An upper middle-class French family celebrates a birthday in a restaurant. In one evening and during one meal, family history, tensions, collective and separate grudges, delights, and ... See full summary »
Martine and Jacques knew their friend before he became an important television personality, but have not seen him for over ten years. They are hospitable people - witness the fact that they... See full summary »
Odile is looking for a new, bigger apartment. Her younger sister Camille just completed her doctoral thesis has fallen in love with an estate agent who is responsible for Odile's apartment ... See full summary »
Jean is a family man and factory worker who dreams of becoming a songwriter. Pinning his hopes on his teenage daughter, Marva, he takes her to singing contests in which the awkward and ... See full summary »
Josse De Pauw,
Eva van der Gucht,
Werner De Smedt
Laura is still waiting for Prince Charming at the age of 24. So when Sandro appears at a party, exactly like her Prince would in her dreams, she thinks she's found the right one. But then ... See full summary »
Agnes Jaoui plays a local political candidate Agathe Villanova, who returns to her childhood home in the south of France in order to help her sister Florence (Pascale Arbillot) sort through... See full summary »
In Yorkshire, Toby Teasdale is the alcoholic director of a school and married with two children with Celia Teasdale that is very unhappy. They have a maid, Sylvie Bell, and a guardian and ... See full summary »
François Sim considers himself worthless and he may have good reasons for that. Hasn't he lost his job as well as his wife Caroline? Isn't he unable to relate to Lucy, his teenage daughter?... See full summary »
Two seemingly happily married French couples are forced to contend with a number of issues: Nearing the end of his career, small-town doctor Jacques (Jean-Pierre Bacri) and his wife Carole ... See full summary »
Three men, three women, opposites, possibilities, and tastes. Castella owns a industrial steel barrel plant in Rouen; Bruno is his flute-playing driver, Franck is his temporary bodyguard while he negotiates a contract with Iranians, his wife Angélique does frou-frou interior decorating and loves her dog. The conventional Castella hires a forty-year-old actress, Clara, to tutor him in English, and he finds her and her Bohemian lifestyle fascinating. Is this love? What would she say if he declared himself? Through Bruno, Franck meets Manie, a barmaid who deals hash. They begin an affair. Are they in love? They joke about marriage. As the women hold back, the men must make decisions.Written by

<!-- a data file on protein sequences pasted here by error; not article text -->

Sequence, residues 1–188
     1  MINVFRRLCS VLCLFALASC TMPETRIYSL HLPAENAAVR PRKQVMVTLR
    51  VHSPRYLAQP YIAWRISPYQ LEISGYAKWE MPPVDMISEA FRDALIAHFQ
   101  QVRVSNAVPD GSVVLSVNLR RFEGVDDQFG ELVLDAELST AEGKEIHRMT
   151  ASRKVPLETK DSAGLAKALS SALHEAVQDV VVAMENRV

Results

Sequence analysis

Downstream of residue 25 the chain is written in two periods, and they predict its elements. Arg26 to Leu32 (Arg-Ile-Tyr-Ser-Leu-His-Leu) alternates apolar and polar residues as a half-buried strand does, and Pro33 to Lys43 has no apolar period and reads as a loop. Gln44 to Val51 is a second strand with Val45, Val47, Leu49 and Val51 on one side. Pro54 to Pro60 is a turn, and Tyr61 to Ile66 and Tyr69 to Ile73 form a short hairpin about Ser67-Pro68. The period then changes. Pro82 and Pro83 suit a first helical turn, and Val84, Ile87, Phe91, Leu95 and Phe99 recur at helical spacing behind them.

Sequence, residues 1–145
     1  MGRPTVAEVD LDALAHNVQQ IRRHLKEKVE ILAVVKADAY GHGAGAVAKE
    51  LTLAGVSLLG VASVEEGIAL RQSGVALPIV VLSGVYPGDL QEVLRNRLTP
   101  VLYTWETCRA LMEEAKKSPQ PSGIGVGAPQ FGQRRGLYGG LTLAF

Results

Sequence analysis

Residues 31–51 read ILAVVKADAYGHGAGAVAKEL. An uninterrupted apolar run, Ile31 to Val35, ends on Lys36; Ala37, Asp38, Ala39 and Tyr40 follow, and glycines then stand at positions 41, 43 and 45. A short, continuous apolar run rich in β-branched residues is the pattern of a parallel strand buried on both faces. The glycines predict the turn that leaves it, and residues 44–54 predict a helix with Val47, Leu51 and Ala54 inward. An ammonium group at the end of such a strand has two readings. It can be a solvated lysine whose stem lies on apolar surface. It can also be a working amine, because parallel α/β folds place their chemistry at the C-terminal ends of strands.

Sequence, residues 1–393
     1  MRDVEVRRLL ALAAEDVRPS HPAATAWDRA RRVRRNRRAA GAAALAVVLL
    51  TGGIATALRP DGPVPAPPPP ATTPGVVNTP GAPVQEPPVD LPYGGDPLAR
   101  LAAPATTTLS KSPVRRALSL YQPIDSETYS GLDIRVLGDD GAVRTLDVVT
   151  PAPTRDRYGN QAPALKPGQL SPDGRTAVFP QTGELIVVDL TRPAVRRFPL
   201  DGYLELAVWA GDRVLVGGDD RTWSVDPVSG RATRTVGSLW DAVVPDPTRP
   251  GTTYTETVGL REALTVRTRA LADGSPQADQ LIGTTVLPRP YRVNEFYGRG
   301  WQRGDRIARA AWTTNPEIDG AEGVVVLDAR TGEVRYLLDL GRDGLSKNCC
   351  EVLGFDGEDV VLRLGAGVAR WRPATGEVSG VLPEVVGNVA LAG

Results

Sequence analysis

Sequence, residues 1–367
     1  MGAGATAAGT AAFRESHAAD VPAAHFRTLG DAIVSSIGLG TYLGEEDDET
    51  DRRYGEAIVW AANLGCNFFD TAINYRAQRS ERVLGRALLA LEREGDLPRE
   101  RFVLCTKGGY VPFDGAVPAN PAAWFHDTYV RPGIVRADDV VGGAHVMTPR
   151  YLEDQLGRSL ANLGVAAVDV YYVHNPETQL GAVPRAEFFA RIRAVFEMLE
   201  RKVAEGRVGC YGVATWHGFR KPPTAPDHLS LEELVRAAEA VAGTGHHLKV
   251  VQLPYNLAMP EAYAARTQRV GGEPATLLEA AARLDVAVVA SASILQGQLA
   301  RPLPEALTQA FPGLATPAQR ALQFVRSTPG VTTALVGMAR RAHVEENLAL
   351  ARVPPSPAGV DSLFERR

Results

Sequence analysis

This is a character film, a portrait etched in dialogue between the self-written lead and the wandering sympathies of simple, well-executed cinematography. Echoes of Bacri's erstwhile partner-in-crime, Resnais, abound in image and in the weight of unspoken actions. These glances and comedic zooms denoue with the sharpness of Tati, without clouding the gravity of the story.
And it is a meticulously woven story they Jaoui gives us, at a pace that might leave an impatient viewer distracted. Tracking Bacri, smooth pans move ethereally through Petit-Bourgeois sets, ever pressing the banality of her subject. The middle-aged businessman in mid-life crisis is a bittersweet choice for comedy: bitter in its reality and sweet in the familiarity, he is tantamount to a French David Brent. Castella is a character whose weakness is sympathetic to the point of embarrassment.
By contrast, the hand-held and quick cutting that accompanies the theatre troupe and artists expresses the impatience we see in their speech, the bitter jealousy of the unsuccessful and arrogant intellectual. An attack on 'her own people', Jaoui here takes a dig at many of her peers in favour of the senior man, giving Devaux hints of the autobiographical that echo down to Clint Eastwood's Gran Torino.
A soundtrack bridging centuries evokes the knowledge of the older man on screen as well as of the auditorium. Kathleen Ferrier's warble punctuates moments of silence as we observe Castella's nonplussed expression, while Metheny and Murray smash and spark away in background to the Bohemians. These interludes mark sea changes in viewer sympathy, serving to give some degree of cultural empathy to the characters.
Above all, though, the music and rhythm of cinematography, script and music span great clashes in taste. A mesh of contempt and desire that result in a rounded and masterful work, with appeal for all but with affection for those with grey streaks in their hair.
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